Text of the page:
Bill here. I thought I’d write about my recent adventures in ophthalmology. First, the quick medical facts: a couple of days ago I had a vitreous hemorrhage associated with posterior vitreous detachment in my right eye. In other words, a blood vessel in my eye broke and the vision in my right eye went blurry. It appears, though, that the retina is OK. Assuming this is the whole story, it means I’ll have some blurriness in that eye for some weeks but it will eventually get back to normal. I can live with that.
Of course, when the blurriness began I had no clue what was going on. The clues came from Google and visits to two doctors in Kigali. The second doctor, whom I saw Tuesday morning at the King Faisal Hospital, used ultrasound to find the source of the hemorrhage. The exam and consultation cost a total of Rwf 20,000, less than $40. But the more interesting story is my visit Monday to the Kigali Eye Clinic, just a half-hour’s walk from where we’re staying.
I called the clinic around 9:15 in the morning and asked if I could have an eye exam sometime that day. The receptionist said I should come in between 9:00 and 10:00. So I hurried over, and found that they operate on a first-come, first-served basis. There were several people ahead of me, so it was about an hour’s wait, not bad for not having an appointment. I sat down in the very pleasant waiting room—a wall of glass and an open sliding glass door looked out on a garden full of flowers.
I was busy using the flowers to compare the vision in my two eyes, when a family with three young boys sat down in the chairs on both sides of me. At first the boys were occupied looking at pictures in the magazines, and possibly reading some of the French, and chatting occasionally in Kinyarwanda. At some point the dad brought me into the conversation by pointing to a picture of Barack Obama, and I said yes, I’m from the USA. He then pointed to various other dignitaries in the magazine, and the youngest boy, maybe six years old, correctly identified, by country, Gordon Brown, Nicolas Sarkozy, and Angela Merkel. (He used the English words for the countries—those were the only English words I heard in the waiting room.) The kids also recognized Michelle Obama on another page. Then the dad came across a photo of a certain French writer named Philippe Delerm, with a caption in French about his recent work. He showed the page to the kids and said something in Kinyarwanda, and they all started laughing. I wondered how these kids, who were not speaking any French, knew anything about Philippe Delerm. After a few minutes, I finally figured out that they all thought Philippe Delerm looked exactly like me. The dad was apparently saying something like, “See this guy in the magazine? He’s sitting next to you!” (For the record, Philippe Delerm’s beard is totally gray, not merely graying.) Once I got the joke I laughed too.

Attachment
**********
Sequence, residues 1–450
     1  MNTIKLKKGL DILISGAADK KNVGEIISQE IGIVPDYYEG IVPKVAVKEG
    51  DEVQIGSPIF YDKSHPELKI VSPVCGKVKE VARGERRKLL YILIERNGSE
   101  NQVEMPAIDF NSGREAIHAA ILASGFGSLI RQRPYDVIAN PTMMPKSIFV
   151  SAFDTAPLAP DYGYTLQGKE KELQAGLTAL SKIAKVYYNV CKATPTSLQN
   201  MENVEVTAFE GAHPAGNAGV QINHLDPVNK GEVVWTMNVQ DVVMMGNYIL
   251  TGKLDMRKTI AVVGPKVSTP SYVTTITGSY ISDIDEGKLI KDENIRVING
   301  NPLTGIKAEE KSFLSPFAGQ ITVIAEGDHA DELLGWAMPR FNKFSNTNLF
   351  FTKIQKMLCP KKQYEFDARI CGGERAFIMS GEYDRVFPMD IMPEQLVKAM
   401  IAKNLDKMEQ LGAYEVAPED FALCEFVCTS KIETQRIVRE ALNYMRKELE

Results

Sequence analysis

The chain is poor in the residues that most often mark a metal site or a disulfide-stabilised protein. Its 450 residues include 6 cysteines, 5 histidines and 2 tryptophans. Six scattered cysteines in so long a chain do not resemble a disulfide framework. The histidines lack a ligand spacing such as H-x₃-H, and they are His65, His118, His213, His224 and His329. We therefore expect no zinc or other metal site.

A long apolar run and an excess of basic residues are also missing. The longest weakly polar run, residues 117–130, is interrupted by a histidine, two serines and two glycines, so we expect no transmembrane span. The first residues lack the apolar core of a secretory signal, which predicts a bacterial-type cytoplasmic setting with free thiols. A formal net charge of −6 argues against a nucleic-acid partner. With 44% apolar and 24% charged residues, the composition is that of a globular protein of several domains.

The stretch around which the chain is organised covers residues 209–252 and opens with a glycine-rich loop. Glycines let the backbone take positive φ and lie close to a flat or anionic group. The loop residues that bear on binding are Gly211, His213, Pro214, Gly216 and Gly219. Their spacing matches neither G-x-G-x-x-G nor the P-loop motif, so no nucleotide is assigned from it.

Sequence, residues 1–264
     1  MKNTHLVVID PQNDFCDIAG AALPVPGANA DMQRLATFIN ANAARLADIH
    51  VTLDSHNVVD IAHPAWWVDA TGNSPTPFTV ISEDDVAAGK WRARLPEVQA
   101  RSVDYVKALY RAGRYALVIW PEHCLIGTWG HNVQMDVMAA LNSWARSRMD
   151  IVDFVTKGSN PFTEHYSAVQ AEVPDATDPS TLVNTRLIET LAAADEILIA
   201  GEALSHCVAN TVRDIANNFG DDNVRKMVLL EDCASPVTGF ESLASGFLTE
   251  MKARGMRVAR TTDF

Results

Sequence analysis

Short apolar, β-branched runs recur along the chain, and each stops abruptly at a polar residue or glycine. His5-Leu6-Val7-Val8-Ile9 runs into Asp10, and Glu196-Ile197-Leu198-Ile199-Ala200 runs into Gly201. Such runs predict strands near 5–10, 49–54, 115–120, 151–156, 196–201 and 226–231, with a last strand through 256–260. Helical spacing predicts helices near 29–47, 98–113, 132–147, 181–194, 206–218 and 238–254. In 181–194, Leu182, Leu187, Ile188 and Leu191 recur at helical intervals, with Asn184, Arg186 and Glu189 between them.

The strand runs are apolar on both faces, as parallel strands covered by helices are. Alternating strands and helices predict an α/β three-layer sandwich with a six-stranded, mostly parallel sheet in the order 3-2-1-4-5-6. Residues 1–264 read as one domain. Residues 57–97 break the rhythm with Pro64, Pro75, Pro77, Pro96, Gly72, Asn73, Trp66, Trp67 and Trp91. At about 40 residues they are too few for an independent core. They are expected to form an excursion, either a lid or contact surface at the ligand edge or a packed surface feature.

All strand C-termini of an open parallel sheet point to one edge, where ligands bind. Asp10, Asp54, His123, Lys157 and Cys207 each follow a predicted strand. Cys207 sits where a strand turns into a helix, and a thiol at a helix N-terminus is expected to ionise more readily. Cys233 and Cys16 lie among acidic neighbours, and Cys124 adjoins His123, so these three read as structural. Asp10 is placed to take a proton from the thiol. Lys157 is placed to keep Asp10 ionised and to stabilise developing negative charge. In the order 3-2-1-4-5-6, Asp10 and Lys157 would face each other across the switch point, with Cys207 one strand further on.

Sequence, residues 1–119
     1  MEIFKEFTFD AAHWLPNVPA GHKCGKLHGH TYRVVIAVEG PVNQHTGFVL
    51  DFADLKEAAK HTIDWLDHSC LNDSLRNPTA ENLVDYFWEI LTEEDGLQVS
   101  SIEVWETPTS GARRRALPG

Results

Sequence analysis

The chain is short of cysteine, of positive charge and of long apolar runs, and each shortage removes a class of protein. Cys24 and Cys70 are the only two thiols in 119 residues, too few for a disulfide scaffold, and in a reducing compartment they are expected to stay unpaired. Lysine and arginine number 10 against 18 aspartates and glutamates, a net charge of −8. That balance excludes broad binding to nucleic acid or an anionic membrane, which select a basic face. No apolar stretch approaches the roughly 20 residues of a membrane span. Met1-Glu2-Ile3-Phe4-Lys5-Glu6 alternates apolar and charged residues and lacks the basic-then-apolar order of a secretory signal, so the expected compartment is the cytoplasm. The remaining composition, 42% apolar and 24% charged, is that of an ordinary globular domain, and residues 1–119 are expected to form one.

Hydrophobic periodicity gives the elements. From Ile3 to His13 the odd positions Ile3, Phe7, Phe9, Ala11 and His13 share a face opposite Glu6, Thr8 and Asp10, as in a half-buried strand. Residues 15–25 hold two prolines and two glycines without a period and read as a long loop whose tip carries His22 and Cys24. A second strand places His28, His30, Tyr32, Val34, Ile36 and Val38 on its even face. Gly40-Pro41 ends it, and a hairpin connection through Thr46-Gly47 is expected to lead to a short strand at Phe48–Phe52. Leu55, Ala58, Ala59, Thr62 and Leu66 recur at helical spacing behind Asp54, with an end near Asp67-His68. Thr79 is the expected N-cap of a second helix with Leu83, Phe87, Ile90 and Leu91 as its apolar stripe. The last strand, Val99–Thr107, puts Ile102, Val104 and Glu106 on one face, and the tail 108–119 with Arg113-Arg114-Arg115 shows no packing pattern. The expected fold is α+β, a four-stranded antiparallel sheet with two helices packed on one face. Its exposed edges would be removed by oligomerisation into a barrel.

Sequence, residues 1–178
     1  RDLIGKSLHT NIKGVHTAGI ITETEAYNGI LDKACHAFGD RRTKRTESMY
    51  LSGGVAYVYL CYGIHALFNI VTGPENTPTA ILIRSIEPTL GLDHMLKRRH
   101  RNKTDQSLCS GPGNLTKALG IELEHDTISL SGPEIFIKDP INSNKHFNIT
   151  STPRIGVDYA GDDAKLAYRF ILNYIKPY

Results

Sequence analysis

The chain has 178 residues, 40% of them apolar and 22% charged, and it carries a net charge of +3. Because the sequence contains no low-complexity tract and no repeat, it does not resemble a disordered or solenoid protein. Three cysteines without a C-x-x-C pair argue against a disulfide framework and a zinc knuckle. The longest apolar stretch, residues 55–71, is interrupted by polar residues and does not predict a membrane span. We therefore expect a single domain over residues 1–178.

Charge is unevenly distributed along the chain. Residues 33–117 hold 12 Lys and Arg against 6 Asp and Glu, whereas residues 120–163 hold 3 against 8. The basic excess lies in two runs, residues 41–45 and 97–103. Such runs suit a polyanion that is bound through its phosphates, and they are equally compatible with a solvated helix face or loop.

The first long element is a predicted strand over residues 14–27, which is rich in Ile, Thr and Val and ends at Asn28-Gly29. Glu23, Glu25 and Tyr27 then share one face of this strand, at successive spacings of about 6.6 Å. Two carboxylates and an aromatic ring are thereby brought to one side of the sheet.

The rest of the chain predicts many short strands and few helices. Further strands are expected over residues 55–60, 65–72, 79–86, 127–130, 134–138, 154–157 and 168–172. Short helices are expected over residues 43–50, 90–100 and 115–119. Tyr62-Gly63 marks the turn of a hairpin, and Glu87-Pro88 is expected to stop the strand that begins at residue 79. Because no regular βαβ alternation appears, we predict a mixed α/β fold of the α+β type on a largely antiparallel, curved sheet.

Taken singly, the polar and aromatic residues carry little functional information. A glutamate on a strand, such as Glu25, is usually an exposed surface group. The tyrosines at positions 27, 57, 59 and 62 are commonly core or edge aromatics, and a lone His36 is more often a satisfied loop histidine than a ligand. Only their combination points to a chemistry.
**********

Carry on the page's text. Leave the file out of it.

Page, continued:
Then they got to exploring the whole muzungu thing in more depth. (“Muzungu” means “white person.”) The dad pointed out to the kids that I had hair on my arms—Rwandans have none. They all had to feel the hair. Another dad with a much younger boy in his arms wandered over from across the waiting room just to show his son what a muzungu looked like. This was the scene when the doctor called me in.
Her office was much like the one I go to in Berkshire County, with similar, though less fancy equipment. She did a very thorough exam that cost me less than $20. And she called the doctor at the hospital to set up the ultrasound exam. By the time I was finished—there was a half-hour period of waiting in a separate, dark room, while my pupils were dilating—the family I had been sitting with had apparently seen the doctor and had disappeared.